"Y para mi tu eres la cosa mas bella en este pinche mundo tan feo"

— Matamoska (via myedo)

(via chulaquiles)

"

Early in my freshman year, my dad asked me if there were lots of Latinos at school. I wanted to say, “Pa, I’m one of the only Latinos in most of my classes. The other brown faces I see mostly are the landscapers’. I think of you when I see them sweating in the morning sun. I remember you were a landscaper when you first came to Illinois in the 1950s. And look, Pa! Now I’m in college!”

But I didn’t.

I just said, “No, Pa. There’s a few Latinos, mostly Puerto Rican, few Mexicans. But all the landscapers are Mexican.”

My dad responded, “¡Salúdelos, m’ijo!”

So when I walked by the Mexican men landscaping each morning, I said, “Buenos días.”

Recently, I realized what my dad really meant. I remembered learning the Mexican, or Latin American, tradition of greeting people when one enters a room. In my Mexican family, my parents taught me to be “bien educado” by greeting people who were in a room already when I entered. The tradition puts the responsibility of the person who arrives to greet those already there. If I didn’t follow the rule as a kid, my parents admonished me with a back handed slap on my back and the not-so-subtle hint: “¡Saluda!”

I caught myself tapping my 8-year-old son’s back the other day when he didn’t greet one of our friends: “Adrian! ¡Saluda!”

However, many of my white colleagues over the years followed a different tradition of ignorance. “Maleducados,” ol’ school Mexican grandmothers would call them.

But this Mexican tradition is not about the greeting—it’s about the acknowledgment. Greeting people when you enter a room is about acknowledging other people’s presence and showing them that you don’t consider yourself superior to them.

When I thought back to the conversation between my dad and me in 1990, I realized that my dad was not ordering me to greet the Mexican landscapers with a “Good morning.”

Instead, my father wanted me to acknowledge them, to always acknowledge people who work with their hands like he had done as a farm worker, a landscaper, a mechanic. My father with a 3rd grade education wanted me to work with my mind but never wanted me to think myself superior because I earned a college degree and others didn’t.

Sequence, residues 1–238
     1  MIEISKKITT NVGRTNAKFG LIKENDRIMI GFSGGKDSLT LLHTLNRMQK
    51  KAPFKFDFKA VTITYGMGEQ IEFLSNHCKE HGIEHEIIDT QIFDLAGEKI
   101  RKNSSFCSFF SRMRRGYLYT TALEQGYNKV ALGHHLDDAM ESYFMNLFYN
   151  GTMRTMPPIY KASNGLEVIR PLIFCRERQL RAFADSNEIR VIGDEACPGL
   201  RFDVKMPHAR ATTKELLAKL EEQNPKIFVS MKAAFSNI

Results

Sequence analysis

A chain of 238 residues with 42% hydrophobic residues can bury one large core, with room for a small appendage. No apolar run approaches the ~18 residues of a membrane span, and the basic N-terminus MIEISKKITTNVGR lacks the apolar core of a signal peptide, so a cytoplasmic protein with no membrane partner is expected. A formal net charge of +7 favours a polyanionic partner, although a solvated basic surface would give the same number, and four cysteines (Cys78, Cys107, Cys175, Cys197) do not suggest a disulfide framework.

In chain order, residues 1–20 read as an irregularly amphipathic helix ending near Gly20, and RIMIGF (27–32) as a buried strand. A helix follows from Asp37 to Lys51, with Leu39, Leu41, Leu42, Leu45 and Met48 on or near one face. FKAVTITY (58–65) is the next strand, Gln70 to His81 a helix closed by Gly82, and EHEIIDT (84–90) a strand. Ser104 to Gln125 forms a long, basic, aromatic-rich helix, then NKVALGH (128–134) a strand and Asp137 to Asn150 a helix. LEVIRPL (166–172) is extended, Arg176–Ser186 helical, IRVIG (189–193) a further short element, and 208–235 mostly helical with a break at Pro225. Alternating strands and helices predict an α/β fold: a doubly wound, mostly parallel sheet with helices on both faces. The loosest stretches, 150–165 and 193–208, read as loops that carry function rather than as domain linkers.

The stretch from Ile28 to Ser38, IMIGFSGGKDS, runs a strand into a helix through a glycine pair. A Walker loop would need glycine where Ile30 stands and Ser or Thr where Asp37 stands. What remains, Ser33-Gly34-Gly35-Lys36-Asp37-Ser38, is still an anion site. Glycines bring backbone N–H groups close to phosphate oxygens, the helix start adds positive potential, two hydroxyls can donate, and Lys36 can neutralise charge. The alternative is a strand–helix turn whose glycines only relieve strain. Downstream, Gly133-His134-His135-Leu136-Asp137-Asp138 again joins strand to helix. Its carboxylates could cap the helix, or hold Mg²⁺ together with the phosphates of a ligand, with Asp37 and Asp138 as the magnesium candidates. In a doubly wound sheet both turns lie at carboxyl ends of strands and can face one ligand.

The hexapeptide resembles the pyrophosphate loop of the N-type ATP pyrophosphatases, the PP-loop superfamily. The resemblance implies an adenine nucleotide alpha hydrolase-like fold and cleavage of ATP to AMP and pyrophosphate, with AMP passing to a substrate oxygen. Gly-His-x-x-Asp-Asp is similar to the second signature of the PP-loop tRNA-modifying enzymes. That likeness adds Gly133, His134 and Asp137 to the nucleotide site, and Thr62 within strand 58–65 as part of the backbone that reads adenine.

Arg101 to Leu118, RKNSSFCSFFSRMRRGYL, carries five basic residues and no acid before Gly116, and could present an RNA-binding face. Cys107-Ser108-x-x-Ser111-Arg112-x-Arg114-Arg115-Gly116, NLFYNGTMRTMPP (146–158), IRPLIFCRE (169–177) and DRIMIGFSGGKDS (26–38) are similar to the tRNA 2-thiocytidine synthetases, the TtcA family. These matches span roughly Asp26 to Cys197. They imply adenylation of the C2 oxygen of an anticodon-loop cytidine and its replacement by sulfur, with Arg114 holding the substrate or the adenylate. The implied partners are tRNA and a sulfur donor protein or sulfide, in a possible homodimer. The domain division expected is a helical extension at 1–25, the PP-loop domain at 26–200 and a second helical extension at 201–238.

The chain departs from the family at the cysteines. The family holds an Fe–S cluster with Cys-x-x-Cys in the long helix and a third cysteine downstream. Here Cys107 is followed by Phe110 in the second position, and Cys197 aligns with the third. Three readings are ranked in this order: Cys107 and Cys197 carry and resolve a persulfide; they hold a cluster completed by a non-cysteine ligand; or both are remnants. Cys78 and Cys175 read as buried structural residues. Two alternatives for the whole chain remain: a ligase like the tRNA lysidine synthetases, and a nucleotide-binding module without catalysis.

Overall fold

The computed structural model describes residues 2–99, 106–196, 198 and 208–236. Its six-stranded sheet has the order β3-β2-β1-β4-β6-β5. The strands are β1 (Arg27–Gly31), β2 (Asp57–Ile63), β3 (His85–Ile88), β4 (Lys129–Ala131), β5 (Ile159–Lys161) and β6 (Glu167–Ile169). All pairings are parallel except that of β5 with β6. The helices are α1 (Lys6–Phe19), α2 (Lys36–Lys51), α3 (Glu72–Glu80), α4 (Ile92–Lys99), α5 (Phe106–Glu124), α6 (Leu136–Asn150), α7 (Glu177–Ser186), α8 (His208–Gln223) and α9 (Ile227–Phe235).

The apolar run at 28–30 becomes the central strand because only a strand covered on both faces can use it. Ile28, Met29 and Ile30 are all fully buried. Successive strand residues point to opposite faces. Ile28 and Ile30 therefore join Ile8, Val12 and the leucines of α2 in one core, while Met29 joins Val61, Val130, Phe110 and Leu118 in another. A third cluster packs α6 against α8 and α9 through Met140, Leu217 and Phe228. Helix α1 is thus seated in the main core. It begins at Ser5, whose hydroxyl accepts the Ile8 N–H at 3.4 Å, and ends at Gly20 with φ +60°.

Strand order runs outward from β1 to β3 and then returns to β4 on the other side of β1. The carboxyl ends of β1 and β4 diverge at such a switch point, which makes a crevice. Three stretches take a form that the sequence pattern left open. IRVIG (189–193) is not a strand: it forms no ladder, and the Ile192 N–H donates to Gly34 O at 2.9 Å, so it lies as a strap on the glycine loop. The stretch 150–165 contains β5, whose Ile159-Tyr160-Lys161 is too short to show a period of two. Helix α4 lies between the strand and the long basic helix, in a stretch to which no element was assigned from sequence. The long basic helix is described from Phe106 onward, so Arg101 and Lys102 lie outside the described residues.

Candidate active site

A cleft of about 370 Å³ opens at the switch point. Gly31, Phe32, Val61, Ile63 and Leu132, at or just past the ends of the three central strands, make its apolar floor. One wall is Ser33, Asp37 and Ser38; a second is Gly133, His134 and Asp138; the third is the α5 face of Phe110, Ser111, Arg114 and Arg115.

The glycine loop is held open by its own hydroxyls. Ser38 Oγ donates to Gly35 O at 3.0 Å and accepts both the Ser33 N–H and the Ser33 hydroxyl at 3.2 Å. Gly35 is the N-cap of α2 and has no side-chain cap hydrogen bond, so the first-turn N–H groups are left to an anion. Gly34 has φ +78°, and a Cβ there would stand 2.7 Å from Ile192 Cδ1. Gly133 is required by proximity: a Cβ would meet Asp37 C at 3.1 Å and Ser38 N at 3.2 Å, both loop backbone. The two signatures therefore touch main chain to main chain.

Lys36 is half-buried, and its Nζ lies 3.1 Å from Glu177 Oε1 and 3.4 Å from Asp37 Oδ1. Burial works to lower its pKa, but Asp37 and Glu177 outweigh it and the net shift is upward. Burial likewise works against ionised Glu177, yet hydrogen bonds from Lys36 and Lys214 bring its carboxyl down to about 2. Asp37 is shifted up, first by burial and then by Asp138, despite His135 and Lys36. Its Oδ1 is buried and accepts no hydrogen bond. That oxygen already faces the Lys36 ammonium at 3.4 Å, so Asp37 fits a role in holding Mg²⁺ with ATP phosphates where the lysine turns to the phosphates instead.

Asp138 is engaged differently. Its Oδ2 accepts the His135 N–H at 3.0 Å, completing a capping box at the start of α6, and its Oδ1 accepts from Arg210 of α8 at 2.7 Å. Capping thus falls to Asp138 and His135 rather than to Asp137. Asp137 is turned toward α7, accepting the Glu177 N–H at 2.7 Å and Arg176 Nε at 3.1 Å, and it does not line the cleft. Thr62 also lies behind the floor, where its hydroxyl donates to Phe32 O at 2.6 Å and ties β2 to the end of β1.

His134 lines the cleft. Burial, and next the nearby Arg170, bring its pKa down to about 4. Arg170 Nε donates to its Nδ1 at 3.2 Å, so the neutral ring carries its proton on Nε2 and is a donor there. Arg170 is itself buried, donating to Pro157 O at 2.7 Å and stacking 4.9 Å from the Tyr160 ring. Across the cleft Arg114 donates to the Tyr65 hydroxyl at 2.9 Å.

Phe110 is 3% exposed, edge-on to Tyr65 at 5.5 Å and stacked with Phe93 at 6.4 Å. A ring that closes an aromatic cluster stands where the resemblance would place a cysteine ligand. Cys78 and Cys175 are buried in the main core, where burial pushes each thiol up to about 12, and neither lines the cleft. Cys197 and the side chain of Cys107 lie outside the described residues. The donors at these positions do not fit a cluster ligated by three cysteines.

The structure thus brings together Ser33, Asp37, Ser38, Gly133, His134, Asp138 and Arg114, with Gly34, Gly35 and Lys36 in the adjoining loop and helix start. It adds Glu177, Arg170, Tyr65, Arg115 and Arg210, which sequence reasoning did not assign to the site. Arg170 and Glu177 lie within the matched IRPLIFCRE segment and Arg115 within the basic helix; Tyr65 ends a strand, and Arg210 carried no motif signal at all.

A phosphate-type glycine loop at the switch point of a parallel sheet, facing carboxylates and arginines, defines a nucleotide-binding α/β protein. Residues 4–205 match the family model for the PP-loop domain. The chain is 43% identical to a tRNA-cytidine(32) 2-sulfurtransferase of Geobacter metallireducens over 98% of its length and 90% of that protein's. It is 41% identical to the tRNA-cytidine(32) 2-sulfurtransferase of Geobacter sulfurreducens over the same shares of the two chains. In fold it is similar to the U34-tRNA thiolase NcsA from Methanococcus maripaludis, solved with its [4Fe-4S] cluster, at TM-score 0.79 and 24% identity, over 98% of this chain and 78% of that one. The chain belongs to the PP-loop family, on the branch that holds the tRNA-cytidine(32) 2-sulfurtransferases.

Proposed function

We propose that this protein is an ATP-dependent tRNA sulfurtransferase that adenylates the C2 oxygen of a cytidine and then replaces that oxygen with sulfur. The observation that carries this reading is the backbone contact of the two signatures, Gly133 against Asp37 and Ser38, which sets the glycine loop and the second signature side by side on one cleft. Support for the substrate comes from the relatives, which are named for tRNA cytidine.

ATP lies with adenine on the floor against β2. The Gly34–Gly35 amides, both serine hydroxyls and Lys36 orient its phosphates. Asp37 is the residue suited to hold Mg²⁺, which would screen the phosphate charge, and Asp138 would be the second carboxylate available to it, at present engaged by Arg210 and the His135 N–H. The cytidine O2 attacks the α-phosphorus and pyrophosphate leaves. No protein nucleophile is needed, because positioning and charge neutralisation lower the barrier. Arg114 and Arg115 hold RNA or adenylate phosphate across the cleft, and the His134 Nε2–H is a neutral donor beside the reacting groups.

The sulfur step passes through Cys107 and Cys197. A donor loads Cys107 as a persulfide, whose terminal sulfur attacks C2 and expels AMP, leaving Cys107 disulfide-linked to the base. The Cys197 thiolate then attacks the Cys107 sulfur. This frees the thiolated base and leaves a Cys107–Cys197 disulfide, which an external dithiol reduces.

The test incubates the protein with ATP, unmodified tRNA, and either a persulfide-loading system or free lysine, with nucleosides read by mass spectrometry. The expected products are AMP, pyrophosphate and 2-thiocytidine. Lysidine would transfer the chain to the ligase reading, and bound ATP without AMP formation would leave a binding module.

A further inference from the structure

"

— Ray Salazar, Mexican etiquette some white people need to learn on dad’s 77th birthday. (via chulaquiles)

(Source: frijoliz, via chulaquiles)

"Make the first move, tell people how you feel, stop being so scared of rejection, stop feeling so engulfed with thoughts that aren’t even yours, and stop wasting your fucking time."

— (via frazzledfran)

I agree but I’m not gonna do that

(via ellliot)

(Source: gaystray, via unslaad-krosis)

ernbarassing:

You say I’m wearing too much black but all I hear is I look great

(Source: ernbarassing, via chulaquiles)

gabbyshatto:

niahaus:

inner—utopia:

Bless that one person in every group that is like “keep going, I’m listening” and encourages you to finish your story even when everyone else is talking over you.

These kinds of people make me feel so much better about everything sometimes

(via unslaad-krosis)

doodlemancy:

I get pumped around the end of August. WHAT YOU ARE SEEING IS RESTRAINT

(via unslaad-krosis)

moreweights:

Love is saving up my cheat meals so I can eat them with you

(via unslaad-krosis)

therealbarbielifts:

swolizard:

lntelligent:

girls masturbate girls grow body hair girls have stretch marks girls get acne girls poop girls burp girls have all normal body functions that men do stop stigmatising all of it im so mad

guys get sad guys can bake guys break down guys want to be held guys cry guys scream into their pillow guys can have a hard time being manly so if you want us to see what you physically do as acceptable don’t mock us for being emotional

I love this

(via bedazzledbodybag)